Now, drain the node, and in the logs, you’ll find that you’re unable to drain the node completely because of the Pod Disruption Budget.
1.2. Affinity and Anti Affinity
This is another method of ensuring high availability by scheduling pods on different nodes. You can force Kubernetes to schedule the pods across the worker nodes using anti-affinity.
Two types of Pod affinity and anti-affinity are as follows:
The Pod affinity rule uses the “hard” requiredDuringSchedulingIgnoredDuringExecution, while the anti-affinity rule uses the “soft” preferredDuringSchedulingIgnoredDuringExecution.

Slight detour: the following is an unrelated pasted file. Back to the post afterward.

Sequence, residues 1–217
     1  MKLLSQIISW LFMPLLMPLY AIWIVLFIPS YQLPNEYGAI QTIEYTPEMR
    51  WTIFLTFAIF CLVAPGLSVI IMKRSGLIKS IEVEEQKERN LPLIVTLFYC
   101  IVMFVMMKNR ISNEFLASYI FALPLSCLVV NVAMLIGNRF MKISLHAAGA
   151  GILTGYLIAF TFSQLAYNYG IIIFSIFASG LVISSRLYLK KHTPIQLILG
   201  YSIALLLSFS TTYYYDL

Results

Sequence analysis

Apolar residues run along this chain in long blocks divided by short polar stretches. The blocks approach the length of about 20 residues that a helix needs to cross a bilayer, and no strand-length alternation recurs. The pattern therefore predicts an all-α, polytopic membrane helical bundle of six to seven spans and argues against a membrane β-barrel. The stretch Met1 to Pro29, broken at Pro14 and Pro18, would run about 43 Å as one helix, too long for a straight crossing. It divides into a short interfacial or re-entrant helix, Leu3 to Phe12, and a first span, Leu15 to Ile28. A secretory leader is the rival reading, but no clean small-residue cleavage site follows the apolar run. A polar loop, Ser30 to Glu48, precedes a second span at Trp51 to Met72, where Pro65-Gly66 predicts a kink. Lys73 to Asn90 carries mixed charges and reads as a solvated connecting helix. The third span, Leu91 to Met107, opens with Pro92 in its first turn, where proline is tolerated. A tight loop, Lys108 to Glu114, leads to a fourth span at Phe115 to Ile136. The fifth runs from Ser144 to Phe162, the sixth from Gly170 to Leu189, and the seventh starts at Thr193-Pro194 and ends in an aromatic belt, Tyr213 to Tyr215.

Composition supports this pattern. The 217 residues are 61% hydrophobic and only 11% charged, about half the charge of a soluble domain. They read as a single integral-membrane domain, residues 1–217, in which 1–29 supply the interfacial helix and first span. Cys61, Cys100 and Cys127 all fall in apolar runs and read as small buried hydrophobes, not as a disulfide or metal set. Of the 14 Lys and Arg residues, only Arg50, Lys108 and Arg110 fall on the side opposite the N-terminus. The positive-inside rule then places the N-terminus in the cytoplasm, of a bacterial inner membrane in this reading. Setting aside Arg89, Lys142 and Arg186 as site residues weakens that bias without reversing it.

1.3. Horizontal Pod Scaling
Another method to ensure high availability of pods is to configure Horizontal Pod Scaling (HPA). When there is an increase in load to the pod, HPA would increase the number of pods. If the load decreases, HPA scales down the number of pods.
Here link of HPA Example: HorizontalPodAutoscaler Walkthrough | Kubernetes
2. Provide Required Resources to the Pods
When you create a pod, mention Requests and limits of resources a container needs. The most common resources are CPU and memory (RAM). There are other resources available. Without resource requests and limits, pods in clusters can start using more resources from the node. This can make other pods not able to be created and sometimes it causes node failure. Resource requests specify that minimum amount of resources the pod can consume. Resource limits specify the maximum amount of resources a container can use.